“My Russian friends sometimes invite me to join them on a weekend trip that according to them is just outside Moscow, and when I ask how far away they say “Oh, it’s not very far, about 500 km,” said Italian Axel Grieco. “The total length of my country is around 1,185 km, so for me, even after all this time, it’s still very strange to hear!”
If you are not a fan of long routes, visit nearby districts. “Take any suburban train (elektrichka) to the last stop and explore the countryside,” a user nicknamed Benedict recommends on an expat forum. He also advises avoiding tourist traps and “their crappy matryoshkas and other rip-offs”.
3. Remember that life doesn’t stop in winter
“Siberia was a place of discovery for me,” admitted Manuel Gomez from Spain, who spent 2 years in Krasnoyarsk. “At -40 degree Celsius we went for walks in the Stolby Nature Reserve: We climbed to the top of the rocks where my friends opened a thermos flask, took out a gas stove and heated stewed meat in tin cans. And that was happiness. And what a view!” he said.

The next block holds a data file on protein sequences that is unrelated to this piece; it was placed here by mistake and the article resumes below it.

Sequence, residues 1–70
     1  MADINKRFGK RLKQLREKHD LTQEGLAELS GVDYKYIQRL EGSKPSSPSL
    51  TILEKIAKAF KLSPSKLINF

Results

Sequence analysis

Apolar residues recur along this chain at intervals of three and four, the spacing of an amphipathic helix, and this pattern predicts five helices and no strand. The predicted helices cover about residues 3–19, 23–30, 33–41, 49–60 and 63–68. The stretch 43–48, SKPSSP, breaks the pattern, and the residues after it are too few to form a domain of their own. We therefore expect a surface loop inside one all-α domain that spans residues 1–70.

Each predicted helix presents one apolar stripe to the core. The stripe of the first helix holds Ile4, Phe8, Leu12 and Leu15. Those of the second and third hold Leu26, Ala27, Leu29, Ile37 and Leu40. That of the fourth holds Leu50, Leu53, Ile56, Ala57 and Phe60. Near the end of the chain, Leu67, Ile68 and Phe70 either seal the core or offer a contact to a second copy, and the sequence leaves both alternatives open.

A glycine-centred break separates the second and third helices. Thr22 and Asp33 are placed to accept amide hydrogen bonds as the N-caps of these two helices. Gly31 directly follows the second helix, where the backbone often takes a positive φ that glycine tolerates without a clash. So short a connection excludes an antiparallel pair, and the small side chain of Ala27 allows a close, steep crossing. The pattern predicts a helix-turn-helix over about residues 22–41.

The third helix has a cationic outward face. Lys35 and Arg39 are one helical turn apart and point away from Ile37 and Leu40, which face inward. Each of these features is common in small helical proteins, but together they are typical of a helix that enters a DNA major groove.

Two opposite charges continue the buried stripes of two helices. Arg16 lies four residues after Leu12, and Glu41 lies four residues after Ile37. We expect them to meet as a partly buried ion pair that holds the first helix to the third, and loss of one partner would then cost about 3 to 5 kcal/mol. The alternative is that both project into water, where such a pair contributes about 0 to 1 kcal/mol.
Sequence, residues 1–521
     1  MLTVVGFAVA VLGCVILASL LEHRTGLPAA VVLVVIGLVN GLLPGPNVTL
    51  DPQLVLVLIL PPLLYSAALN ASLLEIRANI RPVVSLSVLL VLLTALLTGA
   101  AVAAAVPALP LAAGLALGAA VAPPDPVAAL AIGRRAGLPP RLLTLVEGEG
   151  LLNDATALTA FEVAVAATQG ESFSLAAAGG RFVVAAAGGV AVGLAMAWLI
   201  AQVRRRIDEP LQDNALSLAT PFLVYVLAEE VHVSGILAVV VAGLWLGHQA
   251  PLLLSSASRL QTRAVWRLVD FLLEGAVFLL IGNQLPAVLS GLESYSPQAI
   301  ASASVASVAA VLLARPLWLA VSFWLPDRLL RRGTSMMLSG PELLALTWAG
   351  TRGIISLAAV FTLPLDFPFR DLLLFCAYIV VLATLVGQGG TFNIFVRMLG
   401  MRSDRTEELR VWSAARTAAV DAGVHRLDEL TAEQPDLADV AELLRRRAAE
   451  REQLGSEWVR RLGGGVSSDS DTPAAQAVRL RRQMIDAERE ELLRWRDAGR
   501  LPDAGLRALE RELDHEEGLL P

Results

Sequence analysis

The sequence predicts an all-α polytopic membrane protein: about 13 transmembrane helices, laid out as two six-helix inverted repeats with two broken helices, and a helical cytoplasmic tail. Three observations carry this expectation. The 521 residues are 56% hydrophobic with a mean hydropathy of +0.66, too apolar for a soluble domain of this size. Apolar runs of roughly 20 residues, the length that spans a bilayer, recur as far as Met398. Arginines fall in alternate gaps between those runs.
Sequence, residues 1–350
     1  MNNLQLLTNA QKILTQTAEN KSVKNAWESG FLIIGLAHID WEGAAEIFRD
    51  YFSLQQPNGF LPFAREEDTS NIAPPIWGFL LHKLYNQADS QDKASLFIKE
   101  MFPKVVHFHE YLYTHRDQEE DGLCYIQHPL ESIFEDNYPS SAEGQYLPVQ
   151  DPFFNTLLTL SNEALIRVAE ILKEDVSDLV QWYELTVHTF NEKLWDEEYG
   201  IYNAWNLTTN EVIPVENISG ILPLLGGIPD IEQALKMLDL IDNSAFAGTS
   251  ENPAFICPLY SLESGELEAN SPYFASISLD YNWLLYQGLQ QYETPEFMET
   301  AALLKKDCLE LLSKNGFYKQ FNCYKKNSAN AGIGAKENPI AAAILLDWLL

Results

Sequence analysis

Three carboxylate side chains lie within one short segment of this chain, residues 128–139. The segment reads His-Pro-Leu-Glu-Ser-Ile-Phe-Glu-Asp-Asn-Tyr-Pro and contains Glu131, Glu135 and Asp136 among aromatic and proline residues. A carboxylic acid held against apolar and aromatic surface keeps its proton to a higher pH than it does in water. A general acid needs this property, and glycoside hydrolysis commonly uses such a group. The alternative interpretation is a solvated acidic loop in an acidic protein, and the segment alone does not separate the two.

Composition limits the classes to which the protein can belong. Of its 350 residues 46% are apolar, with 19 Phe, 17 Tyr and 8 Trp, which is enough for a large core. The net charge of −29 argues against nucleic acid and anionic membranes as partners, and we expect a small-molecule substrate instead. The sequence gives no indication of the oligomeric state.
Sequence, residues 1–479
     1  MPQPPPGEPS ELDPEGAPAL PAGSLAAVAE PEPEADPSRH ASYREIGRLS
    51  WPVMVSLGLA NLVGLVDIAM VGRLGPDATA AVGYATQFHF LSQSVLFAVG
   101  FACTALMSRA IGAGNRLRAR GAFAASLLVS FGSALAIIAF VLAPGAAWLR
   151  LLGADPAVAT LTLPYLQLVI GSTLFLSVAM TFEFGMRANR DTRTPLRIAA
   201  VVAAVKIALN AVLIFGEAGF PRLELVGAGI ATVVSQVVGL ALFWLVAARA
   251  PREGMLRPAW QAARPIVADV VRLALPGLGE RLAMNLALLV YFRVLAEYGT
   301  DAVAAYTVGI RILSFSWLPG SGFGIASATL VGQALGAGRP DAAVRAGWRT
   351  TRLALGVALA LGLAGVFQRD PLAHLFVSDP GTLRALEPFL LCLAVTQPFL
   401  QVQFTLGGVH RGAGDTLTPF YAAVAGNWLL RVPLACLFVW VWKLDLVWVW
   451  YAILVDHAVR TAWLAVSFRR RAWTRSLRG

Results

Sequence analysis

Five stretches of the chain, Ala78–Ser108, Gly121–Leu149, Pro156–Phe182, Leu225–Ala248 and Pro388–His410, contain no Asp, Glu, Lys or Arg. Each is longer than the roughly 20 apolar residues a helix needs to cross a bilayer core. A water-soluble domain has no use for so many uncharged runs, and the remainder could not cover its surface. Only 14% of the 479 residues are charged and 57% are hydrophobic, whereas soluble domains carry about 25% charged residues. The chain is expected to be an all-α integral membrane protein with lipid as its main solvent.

“Russians eat ice cream everywhere, at all times, even when it's -15°C,” said Aurélia. “Some people will even tell you that it's very healthy.”
“Russians taught me that no matter how cold it is on the street it is always warm enough for a friendly smile (and a cup of tea),” says Axel Grieco, who now lives in Moscow.
4. Do it like a Russian
Briton Andrew Byron who lives in Moscow admits he sort of becomes another person when he speaks Russian. “If I arrive at my Russian friends’ house and they see me wandering in my socks, they will tell me to put some slippers on. Or if I whistle they can tell me to shut my mouth!” he says. “And when I speak Russian I started doing this as well!”
The same thing happened to Chiaki Hirai from Japan, who spent her internship in Moscow. Once, she noticed that she accepted the Russian tradition to keep a place in a queue. “One day, I found myself asking people, ‘I’m gonna buy an envelope, but will be back soon, so please, keep my place.’ I still find it hard to believe I’m saying things like this. But in Russia, this is an ordinary thing,” she said.